Following up my last post about recommending awesome things, I want to tie the same ideas into putting on events. The trigger for this was the Antwerp Looping Festival which I played last Saturday night.
A bit of background – the ‘festival’ was one night, 6 artists, in a gorgeous little theatre venue in Antwerp, organised by one of the performers – Sjaak Overgaauw.
The whole idea of a ‘looping festival’ or any other non-genre- or personality-specific festival is fraught with possible marketing pitfalls – if there’s no inherent style of music, or artistic/culturally-thematic link, how on earth do you make it work? What are people coming to, and why? Who are you going to market it to?
If your target audience for such an event is other practitioners, it’s easy. People come to check out what’s happening, encourage each other, swap ideas, check out new toys and hang out. No problem, if it’s marketed as such. We’re far more forgiving when we see it as part of a community…
If you’re putting on as a public facing concert, you need to apply the same criteria as any other gig: ‘Never Settle For Anything Less Than Greatness’. The music world is full of events that are booked by programmers desperate to fill a bill with anyone promising to bring 20 mates to the gig. London pubs are overflowing with REALLY bad acoustic nights, where talented people are buried under an avalanche of mediocrity, in a sub-open-mic-night environment, where the audience are in no way prepared to listen out for the awesome.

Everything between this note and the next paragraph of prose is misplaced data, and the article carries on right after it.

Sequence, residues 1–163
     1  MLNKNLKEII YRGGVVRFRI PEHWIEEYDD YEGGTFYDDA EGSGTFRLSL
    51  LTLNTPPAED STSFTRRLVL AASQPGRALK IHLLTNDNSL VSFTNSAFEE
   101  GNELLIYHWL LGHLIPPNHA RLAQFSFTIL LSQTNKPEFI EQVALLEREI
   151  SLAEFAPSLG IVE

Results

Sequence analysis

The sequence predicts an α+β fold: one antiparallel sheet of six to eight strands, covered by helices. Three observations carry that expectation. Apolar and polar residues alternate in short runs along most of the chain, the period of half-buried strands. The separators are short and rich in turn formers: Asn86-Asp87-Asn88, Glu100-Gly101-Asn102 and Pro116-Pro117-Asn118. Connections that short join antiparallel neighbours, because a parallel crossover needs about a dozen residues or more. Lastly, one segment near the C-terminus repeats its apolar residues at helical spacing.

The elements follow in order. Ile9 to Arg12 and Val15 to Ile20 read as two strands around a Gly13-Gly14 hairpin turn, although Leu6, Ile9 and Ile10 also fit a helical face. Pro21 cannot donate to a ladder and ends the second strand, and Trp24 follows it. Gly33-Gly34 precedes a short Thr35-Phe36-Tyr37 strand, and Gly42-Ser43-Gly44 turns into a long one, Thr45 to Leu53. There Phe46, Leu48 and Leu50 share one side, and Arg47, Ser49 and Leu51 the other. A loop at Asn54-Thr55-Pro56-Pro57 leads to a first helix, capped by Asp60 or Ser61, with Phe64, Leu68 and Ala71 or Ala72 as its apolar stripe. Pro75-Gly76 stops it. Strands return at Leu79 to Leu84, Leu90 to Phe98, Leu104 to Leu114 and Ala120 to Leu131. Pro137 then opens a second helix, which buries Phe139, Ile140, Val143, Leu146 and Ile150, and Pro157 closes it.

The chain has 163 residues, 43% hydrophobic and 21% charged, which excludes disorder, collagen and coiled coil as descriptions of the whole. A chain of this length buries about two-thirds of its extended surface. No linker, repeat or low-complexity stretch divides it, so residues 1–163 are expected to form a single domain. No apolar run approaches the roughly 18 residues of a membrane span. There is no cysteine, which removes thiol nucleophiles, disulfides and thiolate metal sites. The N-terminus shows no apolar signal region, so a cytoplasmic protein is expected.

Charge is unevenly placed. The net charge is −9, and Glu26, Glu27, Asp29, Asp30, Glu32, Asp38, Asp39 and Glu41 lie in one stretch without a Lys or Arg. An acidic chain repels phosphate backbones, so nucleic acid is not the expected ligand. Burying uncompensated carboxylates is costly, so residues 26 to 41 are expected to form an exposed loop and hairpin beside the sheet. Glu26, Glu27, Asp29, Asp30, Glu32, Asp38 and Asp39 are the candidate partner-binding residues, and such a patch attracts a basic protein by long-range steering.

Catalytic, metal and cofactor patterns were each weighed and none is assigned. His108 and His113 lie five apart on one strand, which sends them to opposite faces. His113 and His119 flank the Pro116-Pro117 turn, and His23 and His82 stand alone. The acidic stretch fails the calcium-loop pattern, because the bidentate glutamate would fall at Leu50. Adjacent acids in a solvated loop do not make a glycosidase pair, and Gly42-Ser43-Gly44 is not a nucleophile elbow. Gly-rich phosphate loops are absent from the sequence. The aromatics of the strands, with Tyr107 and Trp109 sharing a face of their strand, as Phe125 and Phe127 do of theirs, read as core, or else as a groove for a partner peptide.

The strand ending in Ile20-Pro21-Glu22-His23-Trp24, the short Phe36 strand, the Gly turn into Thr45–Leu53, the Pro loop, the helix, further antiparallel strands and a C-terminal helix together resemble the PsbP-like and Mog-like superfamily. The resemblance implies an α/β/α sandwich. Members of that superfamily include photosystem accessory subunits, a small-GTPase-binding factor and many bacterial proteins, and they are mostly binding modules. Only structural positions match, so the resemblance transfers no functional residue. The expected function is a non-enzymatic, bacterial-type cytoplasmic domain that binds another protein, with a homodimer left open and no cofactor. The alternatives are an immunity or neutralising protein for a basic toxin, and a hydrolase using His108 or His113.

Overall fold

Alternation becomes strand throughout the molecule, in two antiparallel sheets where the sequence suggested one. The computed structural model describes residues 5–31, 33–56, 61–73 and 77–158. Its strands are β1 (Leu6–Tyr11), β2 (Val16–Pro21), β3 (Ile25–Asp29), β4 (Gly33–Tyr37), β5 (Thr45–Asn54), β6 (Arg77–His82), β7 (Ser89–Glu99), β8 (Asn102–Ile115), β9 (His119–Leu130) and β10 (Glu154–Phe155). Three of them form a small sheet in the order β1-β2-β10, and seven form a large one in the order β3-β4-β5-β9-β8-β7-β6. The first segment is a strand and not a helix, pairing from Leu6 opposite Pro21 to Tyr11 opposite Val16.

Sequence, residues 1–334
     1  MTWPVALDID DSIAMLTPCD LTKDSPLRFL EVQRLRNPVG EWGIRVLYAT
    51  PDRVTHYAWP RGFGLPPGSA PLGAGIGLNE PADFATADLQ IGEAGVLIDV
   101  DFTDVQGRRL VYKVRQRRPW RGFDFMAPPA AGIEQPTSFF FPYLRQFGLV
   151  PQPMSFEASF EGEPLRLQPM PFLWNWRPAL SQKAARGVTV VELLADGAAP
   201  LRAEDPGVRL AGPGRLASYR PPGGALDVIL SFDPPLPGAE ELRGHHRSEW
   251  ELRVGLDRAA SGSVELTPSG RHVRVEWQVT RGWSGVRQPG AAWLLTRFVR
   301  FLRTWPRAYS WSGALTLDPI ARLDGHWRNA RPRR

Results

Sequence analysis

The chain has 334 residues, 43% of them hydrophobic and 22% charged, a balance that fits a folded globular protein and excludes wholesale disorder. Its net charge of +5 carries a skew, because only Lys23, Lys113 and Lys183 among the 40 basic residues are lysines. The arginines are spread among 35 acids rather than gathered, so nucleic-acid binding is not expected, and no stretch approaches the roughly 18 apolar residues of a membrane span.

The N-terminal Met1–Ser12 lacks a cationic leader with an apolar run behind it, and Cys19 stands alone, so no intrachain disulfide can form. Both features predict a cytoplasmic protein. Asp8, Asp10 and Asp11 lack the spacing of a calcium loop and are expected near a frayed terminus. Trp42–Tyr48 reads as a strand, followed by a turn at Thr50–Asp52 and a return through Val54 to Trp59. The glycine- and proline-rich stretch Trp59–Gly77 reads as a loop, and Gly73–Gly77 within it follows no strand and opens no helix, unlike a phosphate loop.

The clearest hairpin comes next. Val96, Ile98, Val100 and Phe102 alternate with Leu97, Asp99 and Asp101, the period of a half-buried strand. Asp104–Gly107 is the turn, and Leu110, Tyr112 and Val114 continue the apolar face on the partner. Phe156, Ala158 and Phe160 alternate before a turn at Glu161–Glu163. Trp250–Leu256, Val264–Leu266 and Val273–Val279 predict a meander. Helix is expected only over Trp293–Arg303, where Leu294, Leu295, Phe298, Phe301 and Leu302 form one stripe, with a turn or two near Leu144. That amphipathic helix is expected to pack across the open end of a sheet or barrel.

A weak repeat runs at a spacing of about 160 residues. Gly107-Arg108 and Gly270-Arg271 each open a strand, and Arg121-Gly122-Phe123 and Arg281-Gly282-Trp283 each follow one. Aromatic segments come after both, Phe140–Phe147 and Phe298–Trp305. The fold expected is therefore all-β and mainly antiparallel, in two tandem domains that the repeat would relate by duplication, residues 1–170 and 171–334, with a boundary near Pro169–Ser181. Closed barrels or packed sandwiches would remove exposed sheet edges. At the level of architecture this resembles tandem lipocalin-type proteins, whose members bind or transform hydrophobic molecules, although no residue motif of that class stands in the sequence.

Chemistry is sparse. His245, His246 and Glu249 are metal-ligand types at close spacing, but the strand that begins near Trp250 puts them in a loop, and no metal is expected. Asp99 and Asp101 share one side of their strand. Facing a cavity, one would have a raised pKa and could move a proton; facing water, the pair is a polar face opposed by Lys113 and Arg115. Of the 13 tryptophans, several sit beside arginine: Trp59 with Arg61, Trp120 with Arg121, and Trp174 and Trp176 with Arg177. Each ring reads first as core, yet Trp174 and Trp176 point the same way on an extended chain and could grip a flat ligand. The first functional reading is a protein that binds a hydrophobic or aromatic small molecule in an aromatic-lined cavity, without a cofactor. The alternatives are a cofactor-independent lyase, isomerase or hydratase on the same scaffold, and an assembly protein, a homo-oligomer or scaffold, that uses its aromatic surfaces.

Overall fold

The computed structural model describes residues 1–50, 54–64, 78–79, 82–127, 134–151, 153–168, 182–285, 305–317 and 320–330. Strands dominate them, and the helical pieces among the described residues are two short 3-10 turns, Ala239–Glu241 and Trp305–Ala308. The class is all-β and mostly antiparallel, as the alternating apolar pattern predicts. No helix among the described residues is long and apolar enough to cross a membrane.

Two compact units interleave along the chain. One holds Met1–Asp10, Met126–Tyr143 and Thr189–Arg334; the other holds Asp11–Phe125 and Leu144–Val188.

The problem with this for the event is that no-one is ever going to turn up unless they know one of the artists. And even then are unlikely to willingly stay and watch the other people that are on. Why on earth should they, if the likelihood is that the stuff that’s on is going to be #balls?
There are exceptions – both Tony Moore at the Bedford and Amity Hill who used to book the Big Secret night at the Ginglik curated a roster of at-the-very-least-rather-good singer/songwriters. I don’t think I ever heard anyone ‘bad’ at the Ginglik. Rarely at the Kashmir or Bedford. I regularly heard people who were actually brilliant. Often before they then broke big (I saw Seth Lakeman play at the Bedford a month or so before Kitty Jay broke out and was nominated for the Mercury. He was amazing. And I first heard Emily Baker, Dori Jackson and Alice Shaw at the Ginglik. Geniuses one and all.)
Both those venues are places that people go (or went) for ‘music’. Not to see their mate Dave play a few tunes, but to see *anything* with the expectation that it would be WAY better than staying in and watching TV.
That’s the job of putting on a gig. It’s what I did with the Recycle Collective, it’s what smart venue bookers do with regards to support acts, and it’s what Sjaak did for the Antwerp Looping Festival. The looping festival idea is a smile on a dog – it a hook to get people asking questions, but it doesn’t mean anything if the music doesn’t work without knowing it’s looping. Music that requires an essay of explanation for us to ‘get it’ works best in academia or trade shows. Public facing events don’t thrive on that kind of ‘subservient sound’ (music that serves a non-musical, technical purpose).